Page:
Central Stoneroller (Campostoma anomalum)
North American Native Fishes Association; photo by Lance Merry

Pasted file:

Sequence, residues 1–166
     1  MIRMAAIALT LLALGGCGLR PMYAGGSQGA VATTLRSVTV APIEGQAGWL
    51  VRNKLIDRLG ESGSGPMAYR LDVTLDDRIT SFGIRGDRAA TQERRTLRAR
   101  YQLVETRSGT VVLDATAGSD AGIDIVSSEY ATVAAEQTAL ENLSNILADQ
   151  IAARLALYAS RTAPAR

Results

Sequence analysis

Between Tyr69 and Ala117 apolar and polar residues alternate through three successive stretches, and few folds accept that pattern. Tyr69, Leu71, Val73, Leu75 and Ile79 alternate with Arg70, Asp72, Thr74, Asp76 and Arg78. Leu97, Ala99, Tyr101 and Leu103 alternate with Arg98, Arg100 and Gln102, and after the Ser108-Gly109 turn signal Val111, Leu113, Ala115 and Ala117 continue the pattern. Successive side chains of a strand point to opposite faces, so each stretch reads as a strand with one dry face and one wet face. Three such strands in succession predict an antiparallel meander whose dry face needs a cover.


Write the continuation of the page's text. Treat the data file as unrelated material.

The Central Stoneroller is a small minnow 3-5 inches in length with a blunt snout and relatively small eyes. It is widespread in Kansas as well as most of the eastern and central United States. It prefers freshwater streams of mid to high gradients with riffles. It is active in the mid to bottom level of streams where it feeds predominantly on algae scraped from rocks with the cartilaginous ridge on its lower jaw. It will also consume rotifers, diatoms and microcrustacea plus the occasional aquatic insect. They may feed in schools and can often be seen leaping above the surface of the water. They in turn are part of the diet of smallmouth & largemouth bass, herons and bitterns. Adult males and females are similar in appearance, having a dark, olive colored dorsal surface fading to a white ventral surface. Randomly distributed dark spots are scattered along the length of the body. Fins are pale or nearly colorless. Breeding males are further distinguished by orange and black splashes on their fins and large pointed tubercles on their head (see photo above) with smaller one along the dorsal and lateral part of the body. In preparation for spawning, these fish may need to migrate upstream to calmer waters where breeding males build nests in late winter throughout midsummer. They excavate depressions in the stony bottom of calm waters using their noses to roll pebbles and stones out of the way. Females roam the available nests occupied by larger males. Eggs are attached by an adhesive substance to pebbles and hatch in less than 72 hours. Their population suffers with both aquatic and riparian habitat fragmentation, fluctuating stream flows, siltation, and excessive aquatic vegetation.